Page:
Mental health conversations are becoming more prevalent with less stigma surrounding the topic. The growing awareness of the challenges kids are facing at a younger age is raising the need for further education. Should mental health be taught in school to support the conversation?
According to the Centre for Mental Health, kids with mental health issues can wait up to ten years to get the help they need. Part of the delay is a lack of knowledge about what depression and anxiety feels like and what to do when facing hard emotions. Schools currently address physical and nutritional health issues, but talk less intentionally about mental health.
When considering if mental health should be taught in schools, proponents address several findings.
Suicide is the third largest cause of death for ages 10-14. And, 90% of those who commit suicide have an underlying mental health condition. The causes of the mental health condition varies from bullying to other forms of abuse, but depression and anxiety lead kids to often feel they have no other way out. With better education, kids receive the help and alternatives they currently do not have to find their way out of the darkness.
Another reason that mental health should be taught in schools is that conditions like depression are often first diagnosed during these crucial years. The CDC reports that 1 in 5 kids struggle with a mental health condition with onset ranging from age 14-24. Many of these kids do not get the help they need to navigate their way through their condition. Intentional education would encourage more kids to seek help sooner than they currently do.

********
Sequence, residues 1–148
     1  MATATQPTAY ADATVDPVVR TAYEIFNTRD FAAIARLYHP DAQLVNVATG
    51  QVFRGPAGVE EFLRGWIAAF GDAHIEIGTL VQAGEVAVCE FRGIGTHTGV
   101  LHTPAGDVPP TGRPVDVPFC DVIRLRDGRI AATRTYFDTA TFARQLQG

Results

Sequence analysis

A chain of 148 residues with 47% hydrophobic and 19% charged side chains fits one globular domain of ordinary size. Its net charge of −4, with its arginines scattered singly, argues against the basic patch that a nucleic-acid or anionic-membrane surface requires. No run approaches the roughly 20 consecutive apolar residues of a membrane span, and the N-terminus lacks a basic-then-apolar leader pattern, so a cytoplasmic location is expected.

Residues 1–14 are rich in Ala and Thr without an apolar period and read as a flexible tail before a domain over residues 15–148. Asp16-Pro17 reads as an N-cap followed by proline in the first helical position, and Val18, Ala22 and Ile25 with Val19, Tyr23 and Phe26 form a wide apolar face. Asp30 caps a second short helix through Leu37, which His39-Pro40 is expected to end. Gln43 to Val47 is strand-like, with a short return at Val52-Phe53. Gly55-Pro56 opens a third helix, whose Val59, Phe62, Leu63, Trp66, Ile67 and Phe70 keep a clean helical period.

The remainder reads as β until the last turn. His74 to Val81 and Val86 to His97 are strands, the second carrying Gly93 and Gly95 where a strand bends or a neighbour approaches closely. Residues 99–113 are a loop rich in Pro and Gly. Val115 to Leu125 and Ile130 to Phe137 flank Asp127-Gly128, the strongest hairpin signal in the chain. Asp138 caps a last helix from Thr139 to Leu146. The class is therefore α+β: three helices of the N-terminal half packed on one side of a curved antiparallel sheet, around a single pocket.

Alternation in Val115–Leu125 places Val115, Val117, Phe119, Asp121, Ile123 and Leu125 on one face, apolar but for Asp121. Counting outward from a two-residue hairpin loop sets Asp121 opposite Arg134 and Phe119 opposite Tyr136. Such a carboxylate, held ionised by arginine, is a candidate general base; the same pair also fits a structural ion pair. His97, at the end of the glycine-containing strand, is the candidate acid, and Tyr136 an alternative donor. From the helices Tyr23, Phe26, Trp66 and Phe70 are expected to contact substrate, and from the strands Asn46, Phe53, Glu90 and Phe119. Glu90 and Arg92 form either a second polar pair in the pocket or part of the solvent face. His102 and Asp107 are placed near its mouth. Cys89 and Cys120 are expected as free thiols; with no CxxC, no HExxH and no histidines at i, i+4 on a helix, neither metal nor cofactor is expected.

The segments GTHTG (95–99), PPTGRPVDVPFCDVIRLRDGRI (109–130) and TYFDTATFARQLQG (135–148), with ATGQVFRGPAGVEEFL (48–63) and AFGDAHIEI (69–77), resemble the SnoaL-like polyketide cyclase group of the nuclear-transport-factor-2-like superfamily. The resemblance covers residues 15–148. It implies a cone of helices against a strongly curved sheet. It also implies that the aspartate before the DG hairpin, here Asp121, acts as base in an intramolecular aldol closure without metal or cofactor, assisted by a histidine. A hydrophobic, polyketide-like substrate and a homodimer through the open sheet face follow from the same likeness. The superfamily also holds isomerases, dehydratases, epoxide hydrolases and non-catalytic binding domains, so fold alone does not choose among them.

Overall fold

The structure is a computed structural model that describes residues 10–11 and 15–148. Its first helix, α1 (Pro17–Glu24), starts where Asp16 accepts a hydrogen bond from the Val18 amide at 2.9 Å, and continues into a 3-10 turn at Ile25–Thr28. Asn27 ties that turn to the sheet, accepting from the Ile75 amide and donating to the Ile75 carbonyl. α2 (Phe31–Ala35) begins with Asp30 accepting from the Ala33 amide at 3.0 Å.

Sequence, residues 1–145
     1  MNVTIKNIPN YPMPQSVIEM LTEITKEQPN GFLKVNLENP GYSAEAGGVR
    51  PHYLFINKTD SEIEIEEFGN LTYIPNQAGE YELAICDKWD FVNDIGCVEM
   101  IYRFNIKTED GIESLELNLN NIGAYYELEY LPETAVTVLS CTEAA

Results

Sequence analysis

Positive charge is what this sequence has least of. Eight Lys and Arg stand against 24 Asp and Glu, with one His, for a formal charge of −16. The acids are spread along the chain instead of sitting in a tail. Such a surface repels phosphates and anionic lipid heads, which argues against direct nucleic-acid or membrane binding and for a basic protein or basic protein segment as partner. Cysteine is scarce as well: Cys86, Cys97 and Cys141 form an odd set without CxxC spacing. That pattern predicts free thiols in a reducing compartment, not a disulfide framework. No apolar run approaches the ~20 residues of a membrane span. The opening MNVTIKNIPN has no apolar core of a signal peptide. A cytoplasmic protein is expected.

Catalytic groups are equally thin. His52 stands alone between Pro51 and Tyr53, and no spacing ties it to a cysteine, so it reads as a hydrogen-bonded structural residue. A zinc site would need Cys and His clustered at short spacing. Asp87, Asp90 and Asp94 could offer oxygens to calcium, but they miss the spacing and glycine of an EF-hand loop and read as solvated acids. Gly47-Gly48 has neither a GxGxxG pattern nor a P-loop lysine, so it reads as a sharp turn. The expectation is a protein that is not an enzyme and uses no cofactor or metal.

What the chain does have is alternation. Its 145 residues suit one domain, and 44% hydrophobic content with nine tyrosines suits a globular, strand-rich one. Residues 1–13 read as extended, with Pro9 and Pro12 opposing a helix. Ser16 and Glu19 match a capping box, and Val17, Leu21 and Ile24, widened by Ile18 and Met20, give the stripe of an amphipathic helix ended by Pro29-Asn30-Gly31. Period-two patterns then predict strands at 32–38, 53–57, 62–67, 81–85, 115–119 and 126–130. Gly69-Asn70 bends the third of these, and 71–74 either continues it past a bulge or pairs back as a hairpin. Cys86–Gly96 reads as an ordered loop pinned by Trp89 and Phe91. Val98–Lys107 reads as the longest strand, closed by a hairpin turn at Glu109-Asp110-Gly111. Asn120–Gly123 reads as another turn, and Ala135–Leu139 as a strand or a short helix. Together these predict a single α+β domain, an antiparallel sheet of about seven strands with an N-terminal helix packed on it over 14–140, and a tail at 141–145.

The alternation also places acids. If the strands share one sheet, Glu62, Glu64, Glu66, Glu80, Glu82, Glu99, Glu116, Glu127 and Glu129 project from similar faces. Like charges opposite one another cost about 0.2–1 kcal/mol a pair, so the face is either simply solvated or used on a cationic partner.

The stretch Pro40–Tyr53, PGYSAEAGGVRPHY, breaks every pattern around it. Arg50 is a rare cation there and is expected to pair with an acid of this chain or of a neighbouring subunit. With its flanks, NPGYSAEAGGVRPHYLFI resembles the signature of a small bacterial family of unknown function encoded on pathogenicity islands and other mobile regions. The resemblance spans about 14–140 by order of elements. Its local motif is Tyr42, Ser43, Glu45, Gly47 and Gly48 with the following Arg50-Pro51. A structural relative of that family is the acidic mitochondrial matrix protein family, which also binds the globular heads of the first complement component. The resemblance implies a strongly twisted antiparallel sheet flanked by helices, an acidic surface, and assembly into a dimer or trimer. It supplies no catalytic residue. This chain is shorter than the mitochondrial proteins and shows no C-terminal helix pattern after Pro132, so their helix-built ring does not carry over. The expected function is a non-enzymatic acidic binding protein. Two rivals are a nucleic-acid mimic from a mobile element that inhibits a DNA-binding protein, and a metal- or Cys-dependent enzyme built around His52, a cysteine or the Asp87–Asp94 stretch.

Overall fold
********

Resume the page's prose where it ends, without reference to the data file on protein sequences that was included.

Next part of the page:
The adolescent years are when kids build formative relationships in their lives and learn to make friends. These years set the foundation for relational patterns for life, and when relationships go poorly, so too does a student’s mental health. Depression and anxiety emerges and it’s common for them to feel unsupported and ill-equipped through this period of time. A good mental health curriculum can help them build stronger relationship skills and more resilience for life.
Risk of Substance Abuse
When kids don’t know how to manage difficult feelings, alcohol and other controlled substances become a quick way to ease the emotional pain they are feeling. This readily accessible option makes it an often chosen escape for kids dealing with mental health issues they are not prepared to handle. When mental health is taught in school, students learn to deal with their emotions differently by making healthier choices.
Rise of Social Media
The influence of social media on mental health can’t be ignored. This growing area of research indicates both positive and negative effects on mental health, but depression and anxiety have been regularly correlated to high levels of social media use. During adolescence, toxic relationships on social platforms can lead to destroyed reputations and discord for years to come. As mental health becomes a more regular part of the curriculum, students can make more educated social media choices.
So, should mental health be taught in school? The evidence suggests that it should and the shift is being made in districts across the country. In July of 2018, New York became the first state to include mental health curriculum in their schools. It’s hopeful that more states will follow in the years to come.